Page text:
“Remember the good old times?”
But was life really better in the good old days? Blaming the present for the mishap of today and admiring the past seems firmly rooted in human nature, even when these good old days never existed and the reality one likes to believe in, is only a perceived reality, a fantasy.
Karl May (1842-1912), a German writer, created adventure novels set in the American Old West, with savage, superheroes, Winnetou and Old Shatterhand. Westerns became so popular that generations of European children played cowboys-and-Indians in fake teepee tents, while their parents bought toy guns, pistols, bow and arrows at the German toy industry. TV-series, westerns with cowboys and Indians killing each other, became the most popular entertainment in the history of the film & tv industry.
The inconvenient truth of the perceived good old Wild West time is that historians now agree that the invasion into the Americas by Spanish conquistadors in the 15th century, and European immigrants over the next 200 years, caused the lives of 20-23 million American aboriginals. Karl May’s romantic notions may have delayed a more human treatment of the less than one hundred thousand survivors, with at least half a century.
"Alex" Haley (1921-1992) was an American author of the 1976-book, Roots. Haley created a glorious and paradisiacal fictional account of the lifestyle of Africans in Africa, which was rudely and inhumanly disturbed by invasions of bloodthirsty slave trading Europeans, in the 17th century. The fiction had little or nothing to do with historical reality. Nevertheless, ABC adapted the book as a television mini-series and aired it in 1977 to a record-breaking audience of 130 million viewers.
Until the day of today, millions of Afro-Americans firmly believe that Haley’s fiction was fact. Entire West African nations built their tourist industries based on Roots. Tours, libations for virtual ancestors, vigils and commemorations sprouted up “out of respect” for the victims. The inconvenient historical truth is that tens millions of Africans were deported by Sahel and Sahara traders, in cahoot with local West African kings, who controlled the markets for over 1000 years and till today, and did so, long before any European set foot ashore in Western African kingdoms.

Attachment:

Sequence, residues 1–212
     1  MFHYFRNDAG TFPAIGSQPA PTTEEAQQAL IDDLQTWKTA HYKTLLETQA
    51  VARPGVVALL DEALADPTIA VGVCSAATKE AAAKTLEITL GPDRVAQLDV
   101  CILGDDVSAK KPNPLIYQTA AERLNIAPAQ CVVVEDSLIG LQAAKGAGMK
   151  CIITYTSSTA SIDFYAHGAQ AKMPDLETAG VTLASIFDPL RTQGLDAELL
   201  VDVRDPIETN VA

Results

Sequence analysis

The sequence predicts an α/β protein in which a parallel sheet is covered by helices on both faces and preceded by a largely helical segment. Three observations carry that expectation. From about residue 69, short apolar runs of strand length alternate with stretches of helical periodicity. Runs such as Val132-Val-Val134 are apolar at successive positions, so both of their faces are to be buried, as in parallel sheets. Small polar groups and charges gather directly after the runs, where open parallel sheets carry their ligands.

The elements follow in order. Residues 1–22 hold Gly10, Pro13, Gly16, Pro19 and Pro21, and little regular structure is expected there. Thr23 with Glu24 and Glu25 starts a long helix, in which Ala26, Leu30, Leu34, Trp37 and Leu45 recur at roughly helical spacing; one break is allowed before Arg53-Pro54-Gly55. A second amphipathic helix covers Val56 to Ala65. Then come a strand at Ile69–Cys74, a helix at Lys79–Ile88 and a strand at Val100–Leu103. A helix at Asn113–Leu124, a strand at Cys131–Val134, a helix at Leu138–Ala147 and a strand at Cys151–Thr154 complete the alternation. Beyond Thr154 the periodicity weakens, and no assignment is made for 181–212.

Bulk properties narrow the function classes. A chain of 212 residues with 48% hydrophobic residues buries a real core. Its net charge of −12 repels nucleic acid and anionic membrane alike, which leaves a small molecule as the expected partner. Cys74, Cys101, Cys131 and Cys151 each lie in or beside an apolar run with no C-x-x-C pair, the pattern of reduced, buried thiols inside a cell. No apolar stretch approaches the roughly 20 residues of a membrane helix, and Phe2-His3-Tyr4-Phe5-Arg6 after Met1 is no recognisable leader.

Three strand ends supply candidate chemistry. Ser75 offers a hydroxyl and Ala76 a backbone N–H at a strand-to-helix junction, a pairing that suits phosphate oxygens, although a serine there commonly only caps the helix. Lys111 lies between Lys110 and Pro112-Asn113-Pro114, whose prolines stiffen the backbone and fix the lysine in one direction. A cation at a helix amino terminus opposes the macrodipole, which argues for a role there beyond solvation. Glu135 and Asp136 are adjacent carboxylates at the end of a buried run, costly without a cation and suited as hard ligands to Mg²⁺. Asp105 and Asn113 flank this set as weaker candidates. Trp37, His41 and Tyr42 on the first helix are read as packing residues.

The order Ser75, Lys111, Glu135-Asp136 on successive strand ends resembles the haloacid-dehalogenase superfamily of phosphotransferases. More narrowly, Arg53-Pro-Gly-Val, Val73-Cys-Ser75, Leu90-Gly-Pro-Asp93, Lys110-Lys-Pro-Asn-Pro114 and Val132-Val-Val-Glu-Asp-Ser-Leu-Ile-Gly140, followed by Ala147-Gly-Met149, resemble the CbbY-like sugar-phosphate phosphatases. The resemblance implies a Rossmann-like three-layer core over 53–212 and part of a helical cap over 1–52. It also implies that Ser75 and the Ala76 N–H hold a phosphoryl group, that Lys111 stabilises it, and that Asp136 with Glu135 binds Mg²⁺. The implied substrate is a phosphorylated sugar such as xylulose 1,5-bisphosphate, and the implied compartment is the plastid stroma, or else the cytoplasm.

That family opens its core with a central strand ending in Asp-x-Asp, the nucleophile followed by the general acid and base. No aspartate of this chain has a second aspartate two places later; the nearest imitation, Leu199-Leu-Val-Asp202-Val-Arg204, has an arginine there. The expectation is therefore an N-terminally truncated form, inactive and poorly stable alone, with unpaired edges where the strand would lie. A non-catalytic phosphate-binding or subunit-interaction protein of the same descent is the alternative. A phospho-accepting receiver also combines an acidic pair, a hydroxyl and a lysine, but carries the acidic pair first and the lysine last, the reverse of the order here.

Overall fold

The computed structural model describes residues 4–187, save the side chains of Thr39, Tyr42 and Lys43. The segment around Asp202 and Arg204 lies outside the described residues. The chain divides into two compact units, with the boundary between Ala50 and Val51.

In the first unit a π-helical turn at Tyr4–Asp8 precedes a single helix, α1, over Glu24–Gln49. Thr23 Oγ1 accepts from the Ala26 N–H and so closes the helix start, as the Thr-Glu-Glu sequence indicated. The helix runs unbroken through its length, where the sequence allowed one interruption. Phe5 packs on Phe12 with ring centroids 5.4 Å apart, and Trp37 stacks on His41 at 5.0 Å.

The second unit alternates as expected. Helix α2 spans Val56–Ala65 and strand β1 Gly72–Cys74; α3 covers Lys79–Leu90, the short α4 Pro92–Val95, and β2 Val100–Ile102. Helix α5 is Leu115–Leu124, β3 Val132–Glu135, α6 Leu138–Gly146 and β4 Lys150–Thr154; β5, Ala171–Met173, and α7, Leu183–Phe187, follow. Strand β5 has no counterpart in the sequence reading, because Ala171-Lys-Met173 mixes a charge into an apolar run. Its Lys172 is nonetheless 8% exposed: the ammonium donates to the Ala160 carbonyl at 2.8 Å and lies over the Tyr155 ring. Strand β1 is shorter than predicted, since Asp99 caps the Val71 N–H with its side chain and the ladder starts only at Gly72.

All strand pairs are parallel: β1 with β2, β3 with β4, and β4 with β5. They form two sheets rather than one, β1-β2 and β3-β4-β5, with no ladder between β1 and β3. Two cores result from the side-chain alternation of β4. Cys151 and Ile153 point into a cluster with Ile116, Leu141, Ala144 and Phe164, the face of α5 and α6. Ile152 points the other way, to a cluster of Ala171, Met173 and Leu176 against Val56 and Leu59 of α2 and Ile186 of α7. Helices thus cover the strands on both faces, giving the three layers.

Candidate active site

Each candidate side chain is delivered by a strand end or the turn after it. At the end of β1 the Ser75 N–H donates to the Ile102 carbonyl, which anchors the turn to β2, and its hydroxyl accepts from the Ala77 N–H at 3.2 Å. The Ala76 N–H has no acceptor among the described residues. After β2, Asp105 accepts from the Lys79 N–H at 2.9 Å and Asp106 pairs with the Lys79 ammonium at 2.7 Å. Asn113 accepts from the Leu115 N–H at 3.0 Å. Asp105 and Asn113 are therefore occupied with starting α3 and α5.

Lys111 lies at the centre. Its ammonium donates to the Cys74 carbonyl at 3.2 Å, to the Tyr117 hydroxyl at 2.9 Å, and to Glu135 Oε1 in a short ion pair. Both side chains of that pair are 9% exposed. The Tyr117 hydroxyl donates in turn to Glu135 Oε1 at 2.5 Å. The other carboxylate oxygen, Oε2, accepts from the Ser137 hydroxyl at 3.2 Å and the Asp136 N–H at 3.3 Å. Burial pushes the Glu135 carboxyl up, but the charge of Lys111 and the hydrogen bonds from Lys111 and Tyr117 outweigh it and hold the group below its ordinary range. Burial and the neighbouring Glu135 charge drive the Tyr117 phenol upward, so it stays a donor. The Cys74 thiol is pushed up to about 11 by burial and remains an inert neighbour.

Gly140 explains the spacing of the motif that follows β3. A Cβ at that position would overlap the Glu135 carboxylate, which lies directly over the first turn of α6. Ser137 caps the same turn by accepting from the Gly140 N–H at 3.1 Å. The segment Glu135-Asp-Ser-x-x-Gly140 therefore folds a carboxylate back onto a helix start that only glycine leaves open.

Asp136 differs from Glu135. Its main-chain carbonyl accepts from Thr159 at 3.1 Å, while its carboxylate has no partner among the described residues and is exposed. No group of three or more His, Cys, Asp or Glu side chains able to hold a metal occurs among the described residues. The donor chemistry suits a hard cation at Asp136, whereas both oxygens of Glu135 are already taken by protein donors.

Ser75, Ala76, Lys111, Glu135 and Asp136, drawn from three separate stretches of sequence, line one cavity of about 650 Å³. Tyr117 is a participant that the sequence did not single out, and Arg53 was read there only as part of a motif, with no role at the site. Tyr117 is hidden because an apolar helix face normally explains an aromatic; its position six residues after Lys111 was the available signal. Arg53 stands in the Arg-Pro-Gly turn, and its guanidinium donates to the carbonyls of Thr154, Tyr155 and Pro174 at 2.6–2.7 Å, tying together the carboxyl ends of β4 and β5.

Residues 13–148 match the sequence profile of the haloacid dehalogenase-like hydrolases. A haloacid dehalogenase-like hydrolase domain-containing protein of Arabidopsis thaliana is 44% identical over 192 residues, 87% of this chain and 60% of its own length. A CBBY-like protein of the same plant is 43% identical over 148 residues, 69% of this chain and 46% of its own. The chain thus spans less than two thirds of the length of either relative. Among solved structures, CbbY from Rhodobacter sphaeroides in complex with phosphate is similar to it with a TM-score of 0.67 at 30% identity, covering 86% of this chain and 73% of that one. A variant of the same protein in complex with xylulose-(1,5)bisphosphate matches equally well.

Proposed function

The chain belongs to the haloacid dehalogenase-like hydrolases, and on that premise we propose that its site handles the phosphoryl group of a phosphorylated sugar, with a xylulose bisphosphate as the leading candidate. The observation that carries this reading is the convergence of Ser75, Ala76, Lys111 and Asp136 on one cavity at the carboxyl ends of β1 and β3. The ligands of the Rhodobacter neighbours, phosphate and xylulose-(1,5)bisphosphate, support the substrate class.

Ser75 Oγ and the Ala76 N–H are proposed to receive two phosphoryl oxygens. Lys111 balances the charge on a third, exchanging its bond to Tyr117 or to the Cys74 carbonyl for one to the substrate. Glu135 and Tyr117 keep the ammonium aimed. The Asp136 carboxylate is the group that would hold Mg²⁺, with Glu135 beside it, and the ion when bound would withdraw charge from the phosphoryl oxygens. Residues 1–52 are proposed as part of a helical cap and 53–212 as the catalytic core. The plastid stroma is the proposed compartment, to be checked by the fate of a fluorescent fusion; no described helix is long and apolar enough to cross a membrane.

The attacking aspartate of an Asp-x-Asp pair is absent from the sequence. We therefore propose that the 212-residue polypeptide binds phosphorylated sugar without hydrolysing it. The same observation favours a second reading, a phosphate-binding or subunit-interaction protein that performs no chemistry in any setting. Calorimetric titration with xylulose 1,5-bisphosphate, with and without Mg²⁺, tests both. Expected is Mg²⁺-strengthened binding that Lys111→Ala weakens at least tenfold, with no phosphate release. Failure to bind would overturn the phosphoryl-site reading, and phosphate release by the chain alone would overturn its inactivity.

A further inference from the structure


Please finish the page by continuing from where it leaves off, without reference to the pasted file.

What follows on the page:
Millions of Afro-Americans and Afro-Caribbeans seized the Root-momentum to look back at and re-live “the good old days of the past,” in the meantime, blaming their present economic mishap on others. Their newly acquired hate and sadness paralyzed their progress, socially and economically.
For many reactionaries, the idea of modern western economics and scientific progress became equivalent to an implied disrespect of previous African generations, especially of victims. Hate grew quickly, especially for those, one holds responsible for a specifically perceived reality.
A society cannot grasp the modern idea of progress, of economic growth and wealth creation, until it is willing to abandon the yoke of ancestral worship, of perceived realities, of ghosts and hate. Not until it analyzes away its inferiority complexes toward the past and realizes the potential of its generation as superior, superior to any yet known, it is paralyzed and cannot growth.
Hate let to inertia with rotten foundations made out of corruption, ruinous arches and pillars, smoldering and tottering walls and a leaky almost fallen roof, fit only to make habitation for birds of darkness.
If one believes in the importance of institutions as drivers of economic growth, one can only recognize the importance of unabated accumulation and exchange of useful knowledge and is bound to the pledge of eradication of all barriers of hate and segregation. Europe succeeded where no other societies did, to break out of subsistence economies through the steady accumulation of useful knowledge, and relentless training, and drill. Let Karl May, Alex Haley or any other perceived reality author not plant hate in your heart again; it will only stifle you, lead to inertia and poverty. Your wealth is not in endless commiserations but in the accumulation of knowledge, experience and bringing that treasure together with capital and investment.
By Jacob Gelt Dekker
Opinion columnist for Curaçao Chronicle